54 Celebrates Ervin Drake

 

DSCN5999DSCN6019DSCN6001

 

 

Review by Marilyn Lester & Sandi Durell

 

As brutal winter temperatures continued to plague the city outside, there was plenty of warmth generated indoors, as friends and family gathered to pay tribute to the late, prolific songwriter, Ervin Drake. Produced by T. Oliver Reid, and amicably hosted by the very-witty and engaging K.T. Sullivan, some of Drake’s best were sung by the creme de la creme of the cabaret and theater worlds.

Carol Woods began the set with “Good Morning Heartache,” written by a very young Drake in response to the end of his romance to the woman he’d later marry: Edith (who unfortunately could not be present). One of Ervin’s iconic tunes, “It Was a Very Good Year,” generally the territory of male singers, was sung by Lauren Fox who, with her naturally ethereal presence, made the gender-bender a solid success. T. Oliver Reid followed with the spirited “Louisville Lodge Meeting” – it was crazy!

Ervin Drake, composer, was also a savvy lyricist. His words, as in “Father of Girls,” – sung by Corinna Sowers-Adler, with a voice as pure as crystal – always cut to the core with truth, whether frivolous or profound. This ability of Drake’s is why Sidney Myer made the comic but beautiful “I Wuv a Wabbit” his own, to the great delight of all present.

Another Drake tune that has the stamp of ownership on it is “Tico Tico,” as sung by K.T. Sullivan. Sullivan also teamed with sister, Stacy, for a gorgeous duet of “Just for Today.” On her own, Stacy Sullivan stunned with the debut of “In the Afternoon,” a heart-wrenching number literally pulled from the trunk of Drake tunes. Previously unsung, it was written by Drake some 50 or so years ago and put away. It was a song way ahead of it’s time – nothing unusual for the master songwriter.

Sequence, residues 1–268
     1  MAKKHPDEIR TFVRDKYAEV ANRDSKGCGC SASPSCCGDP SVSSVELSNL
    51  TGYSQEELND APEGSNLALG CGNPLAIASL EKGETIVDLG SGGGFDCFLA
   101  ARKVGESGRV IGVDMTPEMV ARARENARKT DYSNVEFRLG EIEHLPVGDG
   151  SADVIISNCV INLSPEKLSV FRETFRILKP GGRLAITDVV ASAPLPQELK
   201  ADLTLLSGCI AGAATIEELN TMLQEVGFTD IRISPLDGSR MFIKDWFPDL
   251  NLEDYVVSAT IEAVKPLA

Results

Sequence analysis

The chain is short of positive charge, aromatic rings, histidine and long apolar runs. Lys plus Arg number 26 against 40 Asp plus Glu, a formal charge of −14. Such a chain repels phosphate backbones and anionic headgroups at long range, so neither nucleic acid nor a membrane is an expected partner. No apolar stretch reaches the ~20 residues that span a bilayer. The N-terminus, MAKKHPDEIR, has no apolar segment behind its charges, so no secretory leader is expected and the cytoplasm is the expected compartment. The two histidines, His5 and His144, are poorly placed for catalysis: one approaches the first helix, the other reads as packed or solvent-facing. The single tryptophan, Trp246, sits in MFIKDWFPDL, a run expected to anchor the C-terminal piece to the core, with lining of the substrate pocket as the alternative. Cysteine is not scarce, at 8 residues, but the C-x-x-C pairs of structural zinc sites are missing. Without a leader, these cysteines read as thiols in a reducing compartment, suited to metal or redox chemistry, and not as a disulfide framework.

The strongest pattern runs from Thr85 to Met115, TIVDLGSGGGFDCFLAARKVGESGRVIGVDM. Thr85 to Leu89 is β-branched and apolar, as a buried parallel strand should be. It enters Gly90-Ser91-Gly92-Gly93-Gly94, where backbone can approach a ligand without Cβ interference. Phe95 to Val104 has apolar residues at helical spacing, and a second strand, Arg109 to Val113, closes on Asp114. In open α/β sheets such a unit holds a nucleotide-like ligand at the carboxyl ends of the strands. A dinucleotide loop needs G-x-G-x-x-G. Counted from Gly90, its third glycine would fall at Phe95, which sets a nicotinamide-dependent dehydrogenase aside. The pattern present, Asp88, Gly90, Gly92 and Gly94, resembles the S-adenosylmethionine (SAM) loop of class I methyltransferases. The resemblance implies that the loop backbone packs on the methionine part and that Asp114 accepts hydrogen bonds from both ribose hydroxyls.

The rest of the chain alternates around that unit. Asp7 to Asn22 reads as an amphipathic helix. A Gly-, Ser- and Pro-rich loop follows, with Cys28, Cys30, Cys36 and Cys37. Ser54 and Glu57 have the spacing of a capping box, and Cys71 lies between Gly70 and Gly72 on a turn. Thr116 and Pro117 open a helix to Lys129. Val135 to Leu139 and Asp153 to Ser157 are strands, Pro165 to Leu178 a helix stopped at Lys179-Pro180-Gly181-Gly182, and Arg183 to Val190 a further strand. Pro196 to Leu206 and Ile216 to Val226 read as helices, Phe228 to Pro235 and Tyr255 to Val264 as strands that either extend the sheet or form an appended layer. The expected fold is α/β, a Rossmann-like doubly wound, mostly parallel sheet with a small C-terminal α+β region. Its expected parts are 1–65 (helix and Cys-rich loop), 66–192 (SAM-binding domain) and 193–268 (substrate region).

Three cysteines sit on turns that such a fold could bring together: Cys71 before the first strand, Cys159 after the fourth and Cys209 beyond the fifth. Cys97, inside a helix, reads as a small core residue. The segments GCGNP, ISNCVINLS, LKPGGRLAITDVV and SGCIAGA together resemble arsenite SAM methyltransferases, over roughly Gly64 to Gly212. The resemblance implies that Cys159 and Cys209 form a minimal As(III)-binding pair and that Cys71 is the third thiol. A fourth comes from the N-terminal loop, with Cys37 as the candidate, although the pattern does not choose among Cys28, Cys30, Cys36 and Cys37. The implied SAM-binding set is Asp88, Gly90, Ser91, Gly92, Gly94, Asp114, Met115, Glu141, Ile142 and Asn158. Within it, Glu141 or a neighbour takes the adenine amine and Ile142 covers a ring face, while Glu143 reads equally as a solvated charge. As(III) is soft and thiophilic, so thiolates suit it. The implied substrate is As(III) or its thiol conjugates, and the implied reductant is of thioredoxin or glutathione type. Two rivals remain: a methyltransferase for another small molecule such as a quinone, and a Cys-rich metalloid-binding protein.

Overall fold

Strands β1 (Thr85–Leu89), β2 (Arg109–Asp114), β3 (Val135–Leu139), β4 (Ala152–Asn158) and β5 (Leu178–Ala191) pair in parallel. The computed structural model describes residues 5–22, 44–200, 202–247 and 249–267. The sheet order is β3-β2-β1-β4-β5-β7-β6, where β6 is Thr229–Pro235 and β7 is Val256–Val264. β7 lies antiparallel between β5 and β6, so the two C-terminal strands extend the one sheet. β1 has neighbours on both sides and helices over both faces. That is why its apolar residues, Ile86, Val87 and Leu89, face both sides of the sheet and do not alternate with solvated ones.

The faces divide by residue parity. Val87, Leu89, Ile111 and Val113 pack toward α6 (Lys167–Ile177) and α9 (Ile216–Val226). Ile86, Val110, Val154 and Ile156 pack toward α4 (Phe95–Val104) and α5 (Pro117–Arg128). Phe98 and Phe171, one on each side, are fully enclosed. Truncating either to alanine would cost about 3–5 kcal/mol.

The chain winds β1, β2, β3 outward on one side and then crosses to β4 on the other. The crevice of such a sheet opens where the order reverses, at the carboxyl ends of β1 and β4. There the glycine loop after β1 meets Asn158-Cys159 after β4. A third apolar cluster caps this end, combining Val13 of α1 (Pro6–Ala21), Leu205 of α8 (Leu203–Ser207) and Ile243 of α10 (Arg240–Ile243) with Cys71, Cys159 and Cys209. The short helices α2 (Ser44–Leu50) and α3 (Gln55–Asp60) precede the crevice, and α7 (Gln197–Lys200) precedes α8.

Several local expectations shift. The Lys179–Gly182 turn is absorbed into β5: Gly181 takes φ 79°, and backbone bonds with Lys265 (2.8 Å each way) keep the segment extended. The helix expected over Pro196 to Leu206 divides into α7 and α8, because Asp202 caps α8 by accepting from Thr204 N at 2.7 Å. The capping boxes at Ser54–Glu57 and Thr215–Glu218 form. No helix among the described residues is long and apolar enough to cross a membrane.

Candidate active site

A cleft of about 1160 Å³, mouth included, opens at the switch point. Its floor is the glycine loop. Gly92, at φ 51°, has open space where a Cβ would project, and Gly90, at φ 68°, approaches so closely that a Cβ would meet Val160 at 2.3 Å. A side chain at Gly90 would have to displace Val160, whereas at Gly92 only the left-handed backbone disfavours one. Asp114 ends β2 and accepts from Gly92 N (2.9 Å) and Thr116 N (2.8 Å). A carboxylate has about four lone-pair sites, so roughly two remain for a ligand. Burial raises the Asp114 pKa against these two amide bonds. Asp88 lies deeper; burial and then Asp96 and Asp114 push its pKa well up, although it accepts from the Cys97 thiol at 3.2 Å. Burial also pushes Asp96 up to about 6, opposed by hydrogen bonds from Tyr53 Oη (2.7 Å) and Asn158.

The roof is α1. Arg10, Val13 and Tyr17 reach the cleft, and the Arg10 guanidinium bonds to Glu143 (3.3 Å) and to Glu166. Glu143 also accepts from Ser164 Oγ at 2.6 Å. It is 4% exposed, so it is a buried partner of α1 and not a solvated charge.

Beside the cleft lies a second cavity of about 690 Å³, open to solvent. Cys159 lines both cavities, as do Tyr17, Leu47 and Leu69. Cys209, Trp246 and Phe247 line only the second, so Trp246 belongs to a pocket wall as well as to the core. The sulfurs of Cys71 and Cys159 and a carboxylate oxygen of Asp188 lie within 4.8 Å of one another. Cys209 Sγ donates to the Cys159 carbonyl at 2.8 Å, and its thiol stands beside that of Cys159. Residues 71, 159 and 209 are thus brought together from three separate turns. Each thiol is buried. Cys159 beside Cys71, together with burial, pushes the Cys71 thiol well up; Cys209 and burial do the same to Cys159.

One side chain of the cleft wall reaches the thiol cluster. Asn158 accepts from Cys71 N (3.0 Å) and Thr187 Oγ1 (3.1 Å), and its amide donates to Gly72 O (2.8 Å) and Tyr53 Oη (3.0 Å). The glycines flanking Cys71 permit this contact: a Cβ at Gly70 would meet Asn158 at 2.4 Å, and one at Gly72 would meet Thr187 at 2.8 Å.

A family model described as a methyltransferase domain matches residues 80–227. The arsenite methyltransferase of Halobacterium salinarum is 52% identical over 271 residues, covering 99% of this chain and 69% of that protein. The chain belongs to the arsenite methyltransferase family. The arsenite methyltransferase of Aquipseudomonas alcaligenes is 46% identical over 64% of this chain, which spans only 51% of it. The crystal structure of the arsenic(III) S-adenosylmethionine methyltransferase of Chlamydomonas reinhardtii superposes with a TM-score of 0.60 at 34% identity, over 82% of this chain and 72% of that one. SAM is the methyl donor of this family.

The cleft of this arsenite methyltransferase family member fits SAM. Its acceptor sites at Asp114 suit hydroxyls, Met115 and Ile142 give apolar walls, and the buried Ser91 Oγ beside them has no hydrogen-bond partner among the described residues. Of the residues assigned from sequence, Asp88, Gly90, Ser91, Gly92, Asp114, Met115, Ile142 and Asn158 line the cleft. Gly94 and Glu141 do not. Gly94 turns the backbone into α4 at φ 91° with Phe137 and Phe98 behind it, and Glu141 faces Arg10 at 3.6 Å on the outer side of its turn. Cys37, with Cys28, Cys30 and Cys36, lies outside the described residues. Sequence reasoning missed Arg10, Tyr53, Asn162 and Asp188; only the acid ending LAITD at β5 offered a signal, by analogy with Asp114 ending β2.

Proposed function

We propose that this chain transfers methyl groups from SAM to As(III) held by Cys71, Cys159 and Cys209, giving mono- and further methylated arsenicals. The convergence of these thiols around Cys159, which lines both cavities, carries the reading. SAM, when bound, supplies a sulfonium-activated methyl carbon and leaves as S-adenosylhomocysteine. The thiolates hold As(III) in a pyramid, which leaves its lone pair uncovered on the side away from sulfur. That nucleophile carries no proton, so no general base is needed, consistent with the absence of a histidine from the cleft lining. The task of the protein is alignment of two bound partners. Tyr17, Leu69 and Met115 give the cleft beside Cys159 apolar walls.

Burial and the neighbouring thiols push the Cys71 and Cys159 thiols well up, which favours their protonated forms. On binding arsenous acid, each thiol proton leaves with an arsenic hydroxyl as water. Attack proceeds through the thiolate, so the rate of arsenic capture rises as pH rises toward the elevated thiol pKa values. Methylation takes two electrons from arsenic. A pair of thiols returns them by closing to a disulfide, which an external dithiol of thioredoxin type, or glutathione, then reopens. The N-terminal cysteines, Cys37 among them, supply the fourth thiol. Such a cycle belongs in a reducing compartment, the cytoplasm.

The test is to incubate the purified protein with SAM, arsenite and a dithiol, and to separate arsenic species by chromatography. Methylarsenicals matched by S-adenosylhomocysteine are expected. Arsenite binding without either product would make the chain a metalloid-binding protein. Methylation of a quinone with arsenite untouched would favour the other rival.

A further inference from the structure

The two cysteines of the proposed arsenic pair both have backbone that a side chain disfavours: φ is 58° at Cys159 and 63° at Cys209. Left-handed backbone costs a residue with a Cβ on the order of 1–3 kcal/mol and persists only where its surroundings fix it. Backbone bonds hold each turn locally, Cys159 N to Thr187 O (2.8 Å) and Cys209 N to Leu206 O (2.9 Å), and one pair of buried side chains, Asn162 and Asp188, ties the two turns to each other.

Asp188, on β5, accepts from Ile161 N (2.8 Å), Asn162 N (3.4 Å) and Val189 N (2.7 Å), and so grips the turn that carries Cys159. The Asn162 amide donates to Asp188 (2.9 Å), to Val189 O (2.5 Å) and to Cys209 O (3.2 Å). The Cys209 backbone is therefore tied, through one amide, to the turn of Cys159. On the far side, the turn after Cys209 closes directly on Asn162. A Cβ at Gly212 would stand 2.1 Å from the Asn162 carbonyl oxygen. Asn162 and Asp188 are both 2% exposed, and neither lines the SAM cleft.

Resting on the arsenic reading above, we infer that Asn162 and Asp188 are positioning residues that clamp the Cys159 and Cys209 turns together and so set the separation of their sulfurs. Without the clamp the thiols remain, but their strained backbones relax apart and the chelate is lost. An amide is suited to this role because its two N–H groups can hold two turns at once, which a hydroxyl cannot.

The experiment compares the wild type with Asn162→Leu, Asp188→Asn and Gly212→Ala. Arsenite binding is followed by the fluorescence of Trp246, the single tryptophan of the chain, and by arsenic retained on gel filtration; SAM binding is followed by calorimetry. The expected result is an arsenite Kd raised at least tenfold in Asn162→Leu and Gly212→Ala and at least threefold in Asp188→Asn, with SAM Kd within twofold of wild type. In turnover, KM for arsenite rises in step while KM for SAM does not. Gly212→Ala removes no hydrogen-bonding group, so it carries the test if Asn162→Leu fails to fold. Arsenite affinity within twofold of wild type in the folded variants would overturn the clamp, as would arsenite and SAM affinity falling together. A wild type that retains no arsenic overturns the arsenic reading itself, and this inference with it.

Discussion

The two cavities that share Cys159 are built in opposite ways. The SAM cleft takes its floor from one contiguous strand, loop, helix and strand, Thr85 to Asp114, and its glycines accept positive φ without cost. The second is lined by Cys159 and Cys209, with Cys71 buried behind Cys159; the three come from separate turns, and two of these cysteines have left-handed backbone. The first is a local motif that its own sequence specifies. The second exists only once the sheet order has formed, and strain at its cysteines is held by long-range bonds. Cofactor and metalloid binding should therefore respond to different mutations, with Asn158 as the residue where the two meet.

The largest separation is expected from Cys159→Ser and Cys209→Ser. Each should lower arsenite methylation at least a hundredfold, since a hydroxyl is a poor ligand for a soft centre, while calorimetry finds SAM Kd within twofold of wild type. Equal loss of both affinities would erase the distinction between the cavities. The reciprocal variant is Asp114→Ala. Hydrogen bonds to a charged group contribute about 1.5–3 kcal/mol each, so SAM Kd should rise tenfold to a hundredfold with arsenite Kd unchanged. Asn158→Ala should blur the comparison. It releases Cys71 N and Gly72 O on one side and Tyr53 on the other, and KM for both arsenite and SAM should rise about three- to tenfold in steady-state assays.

Ervin Drake was not only frequently ahead of his time, but he wrote passionately and truthfully about issues other songwriters might avoid. Such is the case with Kristoffer Lowe’s impeccable rendition of a recent Drake song, “Who Are These Strangers?” Another singer of great vocal purity, Maxine Linehan sang the hit, “Al Di La,” while Jeff Harnar delivered a completely solid “One God.” From Baltimore, to pay tribute, Tom Moore, recently mentored by Drake, theatrically sang “Now That I Have Everything.”

Rounding out the delightful paean to Ervin Drake, the ever-charming Eric Yves Garcia sang “A Room Without Windows.” The closer was a dramatic rendition of Drake’s iconic “I Believe,” by powerhouse, Dee Dee Bridgewater.

Appearing on video were loving tributes from Karen Oberlin and Ann Hampton Callaway. Music Director and pianist was the steadfast virtuoso, Jon Weber, with the outstanding Ray Kilday on bass.

 

54 Celebrates Ervin Drake, March 6 at 7pm54 Below, 254 West 54th Street, 646476-3551476-3551, www.54below.com

*Photos/Video: Sandi Durell

Share